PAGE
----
Book Review on How Long, O Lord? Reflections on Suffering and Evil By Donald A. Carson Baker Book House Co.

, 1990

Name: David Chong Wui Howe Course: Pastoral Counselling, Masters in Christian Studies Instructor: Dr. Tony Lim

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Despite advances in science, pain and death remain an inevitable part of life. Where is God when suffering abounds and tragedy strikes in the form of cancer, tsunami, wars and abuse? For some, it is an intellectual question to reconcile the existence of a loving and all-powerful God in the face of seemingly purposeless evil. For others, it is an existential cry from the heart. D. A. Carson wrote this book to help Christians not only to find assurance that their beliefs are consistent but to apply and draw comfort from them in the dark seasons of suffering.

In Part I, Carson cautioned us against false security that we could be insulated from suffering and radical evil through our own resources. Sometimes, we expect immediate relief from pain through our prayers and forget that God works for the good of those who love Him precisely in the midst of misery. It is not a promise to remove suffering altogether in this side of heaven. We may also draw false comfort from biblically indefensible notions of God as a sympathetic but less-than-omnipotent god or as a deistic Watchmaker who stay uninvolved with the world after setting natural laws in motion. Such attempts at justifying God’s ways with humanity (or theodicy) are sub-biblical, Carson argues, because Scripture reveals God as personally involved with the world and His omnipotence is not constrained with human freedom.

In Part II, Carson explores selective biblical themes relevant to the problem of evil and suffering to locate it within a Christian framework. From a survey of redemptive history, we find that an originally good creation is corrupted by human sin. Sickness and death entered the world as a result. While it does not mean that every bit of suffering is

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necessarily the immediate consequence of a particular sin, there is a profound sense that we are sinners who take part in and deserve the sufferings of a fallen world. We have forfeited any “right” to a life of ceaseless comfort. It is by God’s mercies that we are not destroyed. While discussing social evils, Carson pointed out that Jesus was not surprised by the prevalence of wars, famines and earthquakes (Matthew 24). Instead, the Lord treats natural disasters and injustices as incentives to repentance: “Unless you repent, you too will all perish”. It thus runs counter to our default expectation that we deserve prosperity and health while suffering and death are grossly ‘unfair’.

There are also sufferings peculiar to the people of God as a form of discipline for their ultimate good and intended to help them to fight sin. It is not necessarily a consequence for the lack of faith or prayer. Sometimes, mature Christian leaders may experience suffering closely connected to opposition to their courageous witness so that through their weakness, the life of Christ may be revealed and nourish the church (2 Corinthians 4:812). The chapter on Job is also a provocative challenge to the mistaken notion that the righteous will not suffer or those who suffer must have directly deserved it: The real question is whether we are more interested in seeking God for His own sake or for personal gain? Will we still worship Him when all worldly comforts are stripped away?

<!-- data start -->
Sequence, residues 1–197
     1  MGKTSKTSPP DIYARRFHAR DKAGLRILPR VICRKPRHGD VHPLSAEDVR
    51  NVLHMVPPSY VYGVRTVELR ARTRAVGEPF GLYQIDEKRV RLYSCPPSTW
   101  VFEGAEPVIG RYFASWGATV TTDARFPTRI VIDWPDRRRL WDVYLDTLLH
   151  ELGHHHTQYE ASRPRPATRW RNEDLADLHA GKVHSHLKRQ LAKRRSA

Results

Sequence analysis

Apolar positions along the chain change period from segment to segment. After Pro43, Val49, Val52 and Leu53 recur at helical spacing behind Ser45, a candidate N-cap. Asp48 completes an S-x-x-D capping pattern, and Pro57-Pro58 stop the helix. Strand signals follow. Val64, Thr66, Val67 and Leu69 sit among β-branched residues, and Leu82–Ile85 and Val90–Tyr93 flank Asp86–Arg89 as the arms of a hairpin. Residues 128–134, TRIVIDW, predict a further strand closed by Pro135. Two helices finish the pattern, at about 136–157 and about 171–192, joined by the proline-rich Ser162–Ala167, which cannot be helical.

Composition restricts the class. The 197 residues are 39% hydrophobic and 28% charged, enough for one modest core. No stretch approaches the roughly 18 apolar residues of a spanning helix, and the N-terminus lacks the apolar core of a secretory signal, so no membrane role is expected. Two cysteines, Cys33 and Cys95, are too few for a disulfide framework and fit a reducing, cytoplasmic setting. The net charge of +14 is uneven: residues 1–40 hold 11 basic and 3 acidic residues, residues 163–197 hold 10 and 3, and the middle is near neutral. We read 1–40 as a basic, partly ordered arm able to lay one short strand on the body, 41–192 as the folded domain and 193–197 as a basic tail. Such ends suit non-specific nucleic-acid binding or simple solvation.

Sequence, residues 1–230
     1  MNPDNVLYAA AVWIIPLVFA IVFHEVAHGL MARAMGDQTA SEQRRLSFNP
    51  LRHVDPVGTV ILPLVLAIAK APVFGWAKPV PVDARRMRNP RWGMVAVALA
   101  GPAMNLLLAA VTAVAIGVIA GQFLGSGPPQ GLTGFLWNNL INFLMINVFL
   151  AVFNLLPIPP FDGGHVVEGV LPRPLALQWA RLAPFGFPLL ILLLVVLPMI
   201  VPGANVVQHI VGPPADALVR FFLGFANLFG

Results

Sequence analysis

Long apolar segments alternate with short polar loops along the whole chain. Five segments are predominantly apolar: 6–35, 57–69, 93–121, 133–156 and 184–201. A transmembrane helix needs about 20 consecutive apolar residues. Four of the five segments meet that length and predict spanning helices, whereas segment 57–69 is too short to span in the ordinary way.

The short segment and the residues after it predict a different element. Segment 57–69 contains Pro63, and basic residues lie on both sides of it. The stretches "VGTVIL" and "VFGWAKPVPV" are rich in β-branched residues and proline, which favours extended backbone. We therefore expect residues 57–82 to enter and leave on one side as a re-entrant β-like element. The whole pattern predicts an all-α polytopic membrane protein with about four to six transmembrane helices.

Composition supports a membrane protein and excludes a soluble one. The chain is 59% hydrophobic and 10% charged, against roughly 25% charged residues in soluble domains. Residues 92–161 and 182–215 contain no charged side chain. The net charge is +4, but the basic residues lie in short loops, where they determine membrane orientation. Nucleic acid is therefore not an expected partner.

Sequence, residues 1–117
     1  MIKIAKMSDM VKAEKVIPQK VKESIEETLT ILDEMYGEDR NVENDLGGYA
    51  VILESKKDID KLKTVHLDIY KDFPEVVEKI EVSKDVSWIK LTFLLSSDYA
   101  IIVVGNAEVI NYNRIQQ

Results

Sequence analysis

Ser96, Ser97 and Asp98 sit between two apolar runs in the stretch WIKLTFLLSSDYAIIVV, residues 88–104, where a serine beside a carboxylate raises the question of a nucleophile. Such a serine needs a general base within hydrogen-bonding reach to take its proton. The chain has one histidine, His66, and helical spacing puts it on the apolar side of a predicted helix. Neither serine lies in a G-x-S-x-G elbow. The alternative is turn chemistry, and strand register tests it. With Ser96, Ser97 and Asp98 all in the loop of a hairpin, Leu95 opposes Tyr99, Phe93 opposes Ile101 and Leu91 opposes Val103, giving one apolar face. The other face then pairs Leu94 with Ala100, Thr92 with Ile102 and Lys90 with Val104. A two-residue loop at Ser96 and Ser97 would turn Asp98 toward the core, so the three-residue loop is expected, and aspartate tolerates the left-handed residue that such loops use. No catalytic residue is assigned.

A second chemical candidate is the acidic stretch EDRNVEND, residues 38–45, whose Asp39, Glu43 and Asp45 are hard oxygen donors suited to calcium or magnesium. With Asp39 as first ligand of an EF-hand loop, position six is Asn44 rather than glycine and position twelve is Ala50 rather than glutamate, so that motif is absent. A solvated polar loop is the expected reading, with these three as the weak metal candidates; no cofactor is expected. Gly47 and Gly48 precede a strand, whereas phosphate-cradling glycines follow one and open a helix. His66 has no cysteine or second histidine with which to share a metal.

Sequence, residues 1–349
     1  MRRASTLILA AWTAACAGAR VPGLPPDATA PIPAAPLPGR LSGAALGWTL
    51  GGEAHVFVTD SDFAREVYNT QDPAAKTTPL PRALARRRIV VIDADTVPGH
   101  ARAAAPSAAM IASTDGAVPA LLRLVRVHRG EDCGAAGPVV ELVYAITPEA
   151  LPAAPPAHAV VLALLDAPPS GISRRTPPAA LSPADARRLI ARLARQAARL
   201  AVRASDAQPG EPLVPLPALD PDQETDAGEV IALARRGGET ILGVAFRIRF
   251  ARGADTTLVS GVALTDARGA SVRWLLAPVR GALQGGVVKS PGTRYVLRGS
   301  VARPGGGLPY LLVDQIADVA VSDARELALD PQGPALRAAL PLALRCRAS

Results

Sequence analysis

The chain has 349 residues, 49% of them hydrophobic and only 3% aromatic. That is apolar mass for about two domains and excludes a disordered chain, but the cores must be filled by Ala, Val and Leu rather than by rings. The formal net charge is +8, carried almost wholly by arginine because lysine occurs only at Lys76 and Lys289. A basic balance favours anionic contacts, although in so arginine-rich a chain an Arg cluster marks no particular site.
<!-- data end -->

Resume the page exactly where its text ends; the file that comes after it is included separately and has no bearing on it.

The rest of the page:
Another helpful biblical theme is God’s promise to right all wrongs and wipe away all tears at the End. It assures us that wickedness will not prosper ultimately. Death will not have the last word. From that eschatological perspective, we cultivate homesickness for heaven in God’s presence and avoid putting our hopes on all things finite. Ultimately,

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however, only the cross of Calvary reveals to us the kind of suffering God that we can trust despite not having all the answers. It is not “a kind of immanentist identification of God with all human suffering” (page 189). The cross is the supreme display of God’s justice and love. Christ suffered once-for-all to reconcile His people to the Father. He knows first hand what suffering is and therefore, He is able to sympathize with our weakness. Whatever hidden reasons God has for allowing tragedies and disasters, the reason could not be that He does not care. Only the God who carries the scars of wounds on Himself could really speak to and heal our own brokenness.

In Part III, Carson discusses the mystery of providence in how the Bible affirms God’s all-encompassing sovereignty in a way that is compatible with meaningful human responsibility. It consists more of biblical expositions than philosophical speculations. God’s loving providence teaches us to trust and obey in spite of not having all the answers. “God is less interested in answering our questions than in other things: securing our allegiance, establishing our faith, nurturing a desire for holiness” (page 245).

Finally, the book concludes with some pastoral reflections that often in the midst of suffering, the most comforting “answers” are simple presence, practical help and silent tears with those who mourn. Overall, I found it to be most helpful to anchor our faith in solid biblical insights so that we will stand firm when the storm of inevitable of pain and death comes. It challenges our false demands for how life ought to be and our idolatrous dependence in our own resources to insulate life from pain. It offers much wisdom and sensitivity in dealing with the problem of suffering in a gospel-centered perspective.

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